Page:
This week’s emphasis is on demography.
Demography is not just about the study of human populations, the study of all sorts of populations, buildings, germs, animals…
The important thing about population studies is trends. This area of research helps us understand a lot about the world.
Is a population of 13 billion people too many?
Since the beginning of demographics, when Thomas Malthus began to question the carrying capacity of the globe, people have worried about whether or not the human population will outstrip our ability to feed people and manage resources.
About 1 billion people go hungry every day, this phenomenon has been around since the beginning of time. But the proportions change markedly.
The study of demography helps us to understand why some of these people are not getting enough food.
Perhaps, there is not enough food to go around.
Alternatively, there is plenty of food to go around, but we feed animals with it, use some of our agricultural productivity for machines (to make ethanol and other biofuels) or use the plants we grow to fatten animals. In other parts of the world the free market hinders the distribution of food to the poor, they just cannot afford food.
In some countries, farmers are paid to produce less food than they can to manage the price at market. Is this fair?
Political decisions also influence the distribution of food and leave some people worse off than they need to be.
The often misused product of demographic studies is data disconnected from its context. Ignoring the idea of causality in the dissemination of the information leads to missinformation.
I will talk about causality later but as an example, the statement, people who drink four cups of coffee a day have better health outcomes, is an observation. But it does not tell us if the coffee leads to better health or if there is some other reason.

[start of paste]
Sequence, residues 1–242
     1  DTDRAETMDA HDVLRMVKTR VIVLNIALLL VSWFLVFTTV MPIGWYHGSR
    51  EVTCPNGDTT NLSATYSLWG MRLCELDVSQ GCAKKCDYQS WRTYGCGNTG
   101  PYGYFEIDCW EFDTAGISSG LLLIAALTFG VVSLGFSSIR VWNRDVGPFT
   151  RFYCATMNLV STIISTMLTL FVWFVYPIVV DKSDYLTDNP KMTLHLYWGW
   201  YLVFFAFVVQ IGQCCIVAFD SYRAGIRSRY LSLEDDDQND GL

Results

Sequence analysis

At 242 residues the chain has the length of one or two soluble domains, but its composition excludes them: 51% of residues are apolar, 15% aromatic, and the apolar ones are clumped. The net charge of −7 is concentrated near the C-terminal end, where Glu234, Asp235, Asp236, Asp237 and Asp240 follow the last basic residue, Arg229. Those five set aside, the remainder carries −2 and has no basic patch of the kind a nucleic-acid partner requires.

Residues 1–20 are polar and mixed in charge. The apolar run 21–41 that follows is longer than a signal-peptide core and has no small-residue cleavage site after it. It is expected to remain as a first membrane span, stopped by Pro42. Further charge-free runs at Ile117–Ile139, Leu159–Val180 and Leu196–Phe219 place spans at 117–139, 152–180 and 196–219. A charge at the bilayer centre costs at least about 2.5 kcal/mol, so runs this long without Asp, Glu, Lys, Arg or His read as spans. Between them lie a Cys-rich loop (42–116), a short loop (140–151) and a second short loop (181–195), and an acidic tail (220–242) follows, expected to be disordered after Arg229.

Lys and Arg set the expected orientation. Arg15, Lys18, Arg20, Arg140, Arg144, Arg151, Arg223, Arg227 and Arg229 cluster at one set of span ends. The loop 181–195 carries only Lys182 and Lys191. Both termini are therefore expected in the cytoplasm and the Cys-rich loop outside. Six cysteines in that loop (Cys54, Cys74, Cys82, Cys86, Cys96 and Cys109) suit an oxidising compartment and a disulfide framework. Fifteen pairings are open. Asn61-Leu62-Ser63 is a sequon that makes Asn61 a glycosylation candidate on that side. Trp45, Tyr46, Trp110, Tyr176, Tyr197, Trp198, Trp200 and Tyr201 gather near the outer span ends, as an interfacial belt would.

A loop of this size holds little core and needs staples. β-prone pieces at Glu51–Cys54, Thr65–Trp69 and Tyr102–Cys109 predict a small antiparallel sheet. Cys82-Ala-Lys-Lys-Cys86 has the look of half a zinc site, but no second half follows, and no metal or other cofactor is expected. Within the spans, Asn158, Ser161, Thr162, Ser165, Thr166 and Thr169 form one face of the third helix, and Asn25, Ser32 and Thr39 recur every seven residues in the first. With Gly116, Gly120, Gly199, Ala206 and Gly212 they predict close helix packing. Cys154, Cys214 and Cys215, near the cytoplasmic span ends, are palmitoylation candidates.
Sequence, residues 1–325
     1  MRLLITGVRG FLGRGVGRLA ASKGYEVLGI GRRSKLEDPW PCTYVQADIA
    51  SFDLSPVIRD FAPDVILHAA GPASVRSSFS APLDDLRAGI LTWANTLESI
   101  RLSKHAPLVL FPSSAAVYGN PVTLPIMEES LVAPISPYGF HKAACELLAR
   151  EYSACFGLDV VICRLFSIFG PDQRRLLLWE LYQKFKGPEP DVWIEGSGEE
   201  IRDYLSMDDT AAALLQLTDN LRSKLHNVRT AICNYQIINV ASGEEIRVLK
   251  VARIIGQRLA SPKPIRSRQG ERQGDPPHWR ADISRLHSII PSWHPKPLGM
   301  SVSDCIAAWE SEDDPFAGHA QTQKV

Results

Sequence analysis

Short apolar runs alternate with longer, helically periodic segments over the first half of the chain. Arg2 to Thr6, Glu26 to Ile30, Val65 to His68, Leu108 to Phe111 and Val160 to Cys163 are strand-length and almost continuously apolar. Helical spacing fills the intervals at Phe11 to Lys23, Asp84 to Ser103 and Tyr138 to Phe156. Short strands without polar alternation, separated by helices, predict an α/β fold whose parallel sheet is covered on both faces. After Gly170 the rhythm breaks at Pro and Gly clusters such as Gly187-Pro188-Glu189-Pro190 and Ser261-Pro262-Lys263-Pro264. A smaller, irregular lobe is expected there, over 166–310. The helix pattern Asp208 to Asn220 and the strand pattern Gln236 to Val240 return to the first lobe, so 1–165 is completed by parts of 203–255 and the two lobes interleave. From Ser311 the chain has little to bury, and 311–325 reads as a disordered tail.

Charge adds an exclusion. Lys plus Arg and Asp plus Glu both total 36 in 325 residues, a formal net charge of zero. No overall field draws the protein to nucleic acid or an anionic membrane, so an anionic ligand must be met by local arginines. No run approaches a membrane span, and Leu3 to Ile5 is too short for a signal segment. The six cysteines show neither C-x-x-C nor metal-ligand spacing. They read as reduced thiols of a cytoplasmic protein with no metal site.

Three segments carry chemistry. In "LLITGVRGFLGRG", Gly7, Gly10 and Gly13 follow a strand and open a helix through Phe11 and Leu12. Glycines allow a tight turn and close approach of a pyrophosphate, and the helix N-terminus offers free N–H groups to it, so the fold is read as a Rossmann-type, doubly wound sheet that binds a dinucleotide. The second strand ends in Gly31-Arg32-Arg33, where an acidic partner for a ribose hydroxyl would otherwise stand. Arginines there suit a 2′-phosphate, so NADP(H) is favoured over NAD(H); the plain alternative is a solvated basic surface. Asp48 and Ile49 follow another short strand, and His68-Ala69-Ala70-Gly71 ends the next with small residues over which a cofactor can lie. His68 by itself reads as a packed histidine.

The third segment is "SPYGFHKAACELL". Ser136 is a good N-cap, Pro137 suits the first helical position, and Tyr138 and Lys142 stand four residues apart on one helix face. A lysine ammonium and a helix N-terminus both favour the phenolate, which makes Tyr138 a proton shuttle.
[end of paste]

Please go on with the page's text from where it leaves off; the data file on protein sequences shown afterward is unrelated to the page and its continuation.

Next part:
The world’s population has been growing, and as we saw in earlier posts, the rate of growth is slowing down. Difficulties arise when we try to predict the future. We can measure the past, but we cannot measure human activity, aspirations, and demands into the future.
While the population of rural regions is about 3 billion people and the current population of our urban areas is about 3 billion people, growth is occurring in urban centres. By 2050 cities will be about 6 billion people but rural areas will not have changed.
City living removes the incentive to reproduce. Urban populations grow from in migration. Many countries growth rates are below replacement levels.
Demography can help us to understand what is actually happening and separate the urban myths from the reality of the world. But it also helps us understand that the issues are complex and the solutions might be logical but politically unachievable.
What do you think the future of the world’s population will look like and is this a concern for you?